Photomicrograph of green algae. The airline industry is testing fuel made from this substance to save energy costs and reduce emissions.
When the first American commercial flight using algae biofuel took off a couple years ago, the results were very promising. The fuel had the same energy output and a lower freezing point.
Of course the flight wasn’t completely relying on the jatropha-derived bio-fuel; more like a 50-50 mix with petroleum…….in one engine…..for two hours…..yaaay….but still….
Bio-engineering algae so that it produces the same energy output as petroleum-based fuel without being so expensive is a stop-gap issue, and is being addressed right now. If there was more funding, it would have been solved before Lost had ended. Airline companies stand to benefit the most from this resource, as its light weight alone could make substantial cuts in its travel budgets.
So why don’t they cough up the cash?
According to Jennifer Holmgren, a chemist for UOP of Honeywell, algae fuel is apparently missing a key ingredient:
“… jet fuel from petroleum contains so-called aromatics—hydrocarbon rings—that interact with the seals in current engines, helping swell them shut. "We don't make aromatics through the vegetable oil route," she says. "If we wanted to fly on 100 percent [biofuels], there are issues around O-rings and things like that."- Jennifer Holmgren to David Biello, Scientific American, Dec. 30, 2008.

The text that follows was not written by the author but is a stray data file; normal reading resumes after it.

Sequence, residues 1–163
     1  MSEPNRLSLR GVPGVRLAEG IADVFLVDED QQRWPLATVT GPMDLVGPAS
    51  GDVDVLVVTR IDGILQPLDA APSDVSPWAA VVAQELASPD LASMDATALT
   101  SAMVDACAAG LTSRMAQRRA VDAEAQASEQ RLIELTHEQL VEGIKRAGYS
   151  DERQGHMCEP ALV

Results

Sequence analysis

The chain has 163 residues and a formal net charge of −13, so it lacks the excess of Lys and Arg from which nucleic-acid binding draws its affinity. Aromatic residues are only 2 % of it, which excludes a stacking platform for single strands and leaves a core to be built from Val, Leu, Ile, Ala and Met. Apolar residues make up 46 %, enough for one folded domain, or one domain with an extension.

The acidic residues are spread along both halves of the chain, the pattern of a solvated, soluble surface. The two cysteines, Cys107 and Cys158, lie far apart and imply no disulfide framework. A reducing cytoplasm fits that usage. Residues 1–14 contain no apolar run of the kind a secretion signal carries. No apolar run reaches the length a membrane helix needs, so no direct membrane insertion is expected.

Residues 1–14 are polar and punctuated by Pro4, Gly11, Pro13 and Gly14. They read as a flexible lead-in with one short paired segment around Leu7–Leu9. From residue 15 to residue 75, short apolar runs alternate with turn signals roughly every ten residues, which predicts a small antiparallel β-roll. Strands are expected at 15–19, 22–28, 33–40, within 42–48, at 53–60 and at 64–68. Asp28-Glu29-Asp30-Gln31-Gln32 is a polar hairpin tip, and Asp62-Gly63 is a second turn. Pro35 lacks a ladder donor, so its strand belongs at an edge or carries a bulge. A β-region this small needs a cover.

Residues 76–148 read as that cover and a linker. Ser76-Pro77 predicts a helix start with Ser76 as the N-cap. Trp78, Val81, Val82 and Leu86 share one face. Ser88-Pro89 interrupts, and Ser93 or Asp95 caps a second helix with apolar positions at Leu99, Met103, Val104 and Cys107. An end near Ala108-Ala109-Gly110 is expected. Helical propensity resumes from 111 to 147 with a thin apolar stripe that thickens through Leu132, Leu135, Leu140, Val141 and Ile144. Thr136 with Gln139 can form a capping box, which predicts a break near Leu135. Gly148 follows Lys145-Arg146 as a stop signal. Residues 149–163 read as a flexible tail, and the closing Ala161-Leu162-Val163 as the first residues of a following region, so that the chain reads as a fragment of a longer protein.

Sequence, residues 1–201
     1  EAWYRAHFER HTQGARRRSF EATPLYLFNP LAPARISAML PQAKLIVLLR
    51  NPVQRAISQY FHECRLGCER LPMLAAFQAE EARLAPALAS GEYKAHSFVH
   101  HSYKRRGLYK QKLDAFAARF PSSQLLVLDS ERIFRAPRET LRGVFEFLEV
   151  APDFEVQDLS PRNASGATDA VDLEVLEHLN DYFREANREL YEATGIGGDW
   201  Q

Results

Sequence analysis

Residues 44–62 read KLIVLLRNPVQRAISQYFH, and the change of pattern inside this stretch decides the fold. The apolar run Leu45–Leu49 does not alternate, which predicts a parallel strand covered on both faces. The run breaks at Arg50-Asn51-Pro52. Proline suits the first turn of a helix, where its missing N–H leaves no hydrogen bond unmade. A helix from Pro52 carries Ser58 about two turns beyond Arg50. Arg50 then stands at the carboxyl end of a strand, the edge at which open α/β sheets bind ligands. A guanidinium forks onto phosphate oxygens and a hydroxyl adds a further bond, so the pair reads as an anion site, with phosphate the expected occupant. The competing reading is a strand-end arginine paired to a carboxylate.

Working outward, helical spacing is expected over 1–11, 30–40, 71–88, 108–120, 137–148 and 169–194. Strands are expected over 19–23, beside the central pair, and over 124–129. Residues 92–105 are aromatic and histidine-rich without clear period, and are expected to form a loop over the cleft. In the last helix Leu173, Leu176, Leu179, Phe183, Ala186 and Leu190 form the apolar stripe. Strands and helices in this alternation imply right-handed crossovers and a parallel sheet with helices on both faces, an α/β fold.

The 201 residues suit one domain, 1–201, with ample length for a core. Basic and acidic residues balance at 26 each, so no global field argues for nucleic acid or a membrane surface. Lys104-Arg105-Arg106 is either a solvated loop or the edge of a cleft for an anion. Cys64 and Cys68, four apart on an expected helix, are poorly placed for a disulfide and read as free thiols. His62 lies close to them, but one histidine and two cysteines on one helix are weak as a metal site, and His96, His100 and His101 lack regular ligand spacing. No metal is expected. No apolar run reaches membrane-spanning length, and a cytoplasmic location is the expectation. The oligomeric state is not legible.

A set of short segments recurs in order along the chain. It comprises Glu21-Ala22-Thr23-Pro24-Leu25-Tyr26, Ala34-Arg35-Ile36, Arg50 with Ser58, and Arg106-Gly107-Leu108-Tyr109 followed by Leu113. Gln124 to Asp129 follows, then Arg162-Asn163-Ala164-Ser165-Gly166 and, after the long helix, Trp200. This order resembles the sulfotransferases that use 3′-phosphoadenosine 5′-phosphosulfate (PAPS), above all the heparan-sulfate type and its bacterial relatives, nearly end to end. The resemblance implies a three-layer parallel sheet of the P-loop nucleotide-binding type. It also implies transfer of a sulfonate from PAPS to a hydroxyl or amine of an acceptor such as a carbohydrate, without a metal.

So the engine sealing design isn’t structurally compatible with the- and I believe I’m using the terminology here- “little green plant stuff what makes the energy go boom”, right?
Now, there are tons of other issues surrounding bio-fuels in general right now. Shell recently ditched their division because it proved too costly to mass-produce. However, when it comes to manufacturing, I see this as a golden opportunity. O-rings are already being improved through the use of nanotechnology. With a mondo investment in R & D, there’s no reason why the standard airline engine can’t be modified so that it’s less dependent on fuel to assist in sealing.
If that happens, not only would airline companies have a cheap source of fuel to power their jets, the manufacturing industry would have a new engine to build and refit planes with immediately (with the amount of money airlines could save on this fuel, they wouldn’t want to waste time). Presto. New stuff to make, new jobs needed to make them!
Sure those are tons of steps to take. But the ethanol industry in Brazil has been taking those steps for almost the whole decade now. They had to spend capital and make a public/private coordination to convert their engines to handle E85, and they’re booming right now. A similar effort could be done here with algae biofuel instead.
Contrary to what people like to say these days, I don’t think we should be looking for “the next big thing” to jumpstart our country’s economic identity. I see more added improvements and innovations to things that already exist and are, in some cases, pretty little.
Like an O-ring.
Donal Thoms-Cappello is a freelance writer for Rotor Clip Company, Inc.